Faculty and Preceptor Perceptions of their Respective Roles in Athletic Training Student Development
Athletic Training Education Journal
Health care professions use a unique learning pattern in which education occurs both didactically and clinically. Previous research has focused on preceptor selection and training, but there has been limited emphasis on the perceived roles of didactic and clinical educators. Identifying potential discrepancies in perceived roles in student development may help improve athletic training student education through a shared understanding of role delineation.
To understand the perceived roles of faculty and preceptors in athletic training student development.
Consensual qualitative research.
Videoconference focus group interviews.
Patients or Other Participants
Eight faculty, 7 preceptors, and 7 dual-role faculty/preceptors representing professional athletic training programs participated in this study. Data saturation guided the number of focus groups conducted.
Data Collection and Analysis
Semistructured focus group interviews were conducted and transcribed verbatim. Four researchers used a consensus process to analyze data, identify emergent themes, and create a codebook independently. We created a consensual codebook using identified themes and subgroups. Trustworthiness was established with the use of multiple researchers and an external auditor.
Three themes emerged from the data: (1) contributors to role achievement, (2) challenges to role achievement, and (3) perceived improvements. Factors contributing to role achievement included positive relationships, effective communication, role development, student development, and socialization. Challenges to role achievement included preparation for the role, student commitment, role strain, ineffective communication, authenticity of learning, and preceptor willingness. Suggestions for perceived improvements included concept integration and application, programmatic leadership, and culture.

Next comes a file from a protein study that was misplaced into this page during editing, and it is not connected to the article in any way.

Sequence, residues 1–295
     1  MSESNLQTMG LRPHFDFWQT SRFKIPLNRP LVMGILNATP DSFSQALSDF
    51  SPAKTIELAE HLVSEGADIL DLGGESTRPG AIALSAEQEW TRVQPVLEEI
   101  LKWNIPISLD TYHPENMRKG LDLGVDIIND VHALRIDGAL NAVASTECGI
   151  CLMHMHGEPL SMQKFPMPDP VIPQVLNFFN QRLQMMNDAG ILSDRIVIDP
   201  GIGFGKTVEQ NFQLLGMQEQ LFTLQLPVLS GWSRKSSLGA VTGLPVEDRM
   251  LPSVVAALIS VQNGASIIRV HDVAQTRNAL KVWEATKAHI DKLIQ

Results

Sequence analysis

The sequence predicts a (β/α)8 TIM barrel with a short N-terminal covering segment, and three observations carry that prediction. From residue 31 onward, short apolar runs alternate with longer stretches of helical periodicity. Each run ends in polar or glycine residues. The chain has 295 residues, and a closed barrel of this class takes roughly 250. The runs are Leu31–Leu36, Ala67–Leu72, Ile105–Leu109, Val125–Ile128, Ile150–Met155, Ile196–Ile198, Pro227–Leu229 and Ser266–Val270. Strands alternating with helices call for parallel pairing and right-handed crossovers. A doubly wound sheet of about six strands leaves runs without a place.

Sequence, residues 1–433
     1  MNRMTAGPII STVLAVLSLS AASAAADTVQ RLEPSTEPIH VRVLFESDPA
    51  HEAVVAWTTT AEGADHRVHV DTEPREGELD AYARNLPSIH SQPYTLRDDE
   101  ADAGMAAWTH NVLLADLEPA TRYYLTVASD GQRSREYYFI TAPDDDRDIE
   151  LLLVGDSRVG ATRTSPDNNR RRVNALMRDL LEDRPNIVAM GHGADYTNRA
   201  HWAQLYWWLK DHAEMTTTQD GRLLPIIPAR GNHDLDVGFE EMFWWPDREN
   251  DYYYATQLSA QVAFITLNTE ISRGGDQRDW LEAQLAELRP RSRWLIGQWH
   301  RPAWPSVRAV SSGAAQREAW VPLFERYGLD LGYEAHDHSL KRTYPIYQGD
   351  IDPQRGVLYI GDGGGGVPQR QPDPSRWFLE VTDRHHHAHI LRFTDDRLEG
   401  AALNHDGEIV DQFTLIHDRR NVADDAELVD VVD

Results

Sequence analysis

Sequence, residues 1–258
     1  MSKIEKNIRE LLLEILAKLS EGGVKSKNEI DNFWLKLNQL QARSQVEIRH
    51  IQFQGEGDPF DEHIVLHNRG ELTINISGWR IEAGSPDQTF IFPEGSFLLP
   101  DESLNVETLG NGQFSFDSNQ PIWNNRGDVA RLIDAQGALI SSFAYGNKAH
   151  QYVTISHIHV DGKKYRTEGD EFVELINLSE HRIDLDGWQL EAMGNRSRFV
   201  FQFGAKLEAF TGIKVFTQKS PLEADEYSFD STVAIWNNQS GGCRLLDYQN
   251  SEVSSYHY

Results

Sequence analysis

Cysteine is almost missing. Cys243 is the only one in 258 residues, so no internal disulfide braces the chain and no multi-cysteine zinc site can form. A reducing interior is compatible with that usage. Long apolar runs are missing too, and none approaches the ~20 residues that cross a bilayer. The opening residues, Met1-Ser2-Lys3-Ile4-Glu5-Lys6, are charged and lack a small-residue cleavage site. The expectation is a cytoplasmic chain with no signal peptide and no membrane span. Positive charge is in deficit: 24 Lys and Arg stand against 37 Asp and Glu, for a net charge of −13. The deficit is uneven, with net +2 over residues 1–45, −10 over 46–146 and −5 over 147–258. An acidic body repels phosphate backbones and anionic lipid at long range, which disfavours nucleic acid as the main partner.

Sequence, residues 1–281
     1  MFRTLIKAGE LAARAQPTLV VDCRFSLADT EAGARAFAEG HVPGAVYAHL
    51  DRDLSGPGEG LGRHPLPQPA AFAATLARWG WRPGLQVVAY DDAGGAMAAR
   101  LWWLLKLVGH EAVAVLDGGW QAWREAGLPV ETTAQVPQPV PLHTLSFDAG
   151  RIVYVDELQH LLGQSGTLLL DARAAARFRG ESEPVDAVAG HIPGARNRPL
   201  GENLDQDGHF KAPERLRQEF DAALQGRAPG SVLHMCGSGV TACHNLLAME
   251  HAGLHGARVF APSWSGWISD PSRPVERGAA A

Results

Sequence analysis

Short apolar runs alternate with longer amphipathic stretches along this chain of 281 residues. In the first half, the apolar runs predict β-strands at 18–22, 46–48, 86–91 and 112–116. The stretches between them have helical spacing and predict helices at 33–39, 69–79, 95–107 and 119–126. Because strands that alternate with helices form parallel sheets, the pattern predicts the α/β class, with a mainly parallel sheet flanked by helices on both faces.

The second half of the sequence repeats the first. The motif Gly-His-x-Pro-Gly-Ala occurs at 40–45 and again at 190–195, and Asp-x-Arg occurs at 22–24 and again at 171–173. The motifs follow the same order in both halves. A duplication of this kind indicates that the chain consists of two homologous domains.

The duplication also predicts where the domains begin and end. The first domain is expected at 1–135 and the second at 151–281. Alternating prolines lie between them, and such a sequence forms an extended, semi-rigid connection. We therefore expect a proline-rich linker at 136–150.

Some participants identified ineffective communication as a challenge to role development. Others noted effective communication as a contributor to role development. Limited formal training exists for faculty and preceptors relative to their respective roles in student development, and many draw from their own past experiences to better fulfill those roles.
Original Publication Citation
Cavallario, J. M., Cohen, G. W., Wathen, H. B. M., Nelson, E. L., & Welch Bacon, C. E. (2021). Faculty and preceptor perceptions of their respective roles in athletic training student development. Athletic Training Education Journal, 16(3), 208-218. https://doi.org/10.4085/1947-380x-21-12
Cavallario, Julie M.; Cohen, Gary W.; Wathen, Heather B.M.; Nelson, Emily Lynn; and Welch Bacon, Cailee E., "Faculty and Preceptor Perceptions of their Respective Roles in Athletic Training Student Development" (2021). Rehabilitation Sciences Faculty Publications. 79.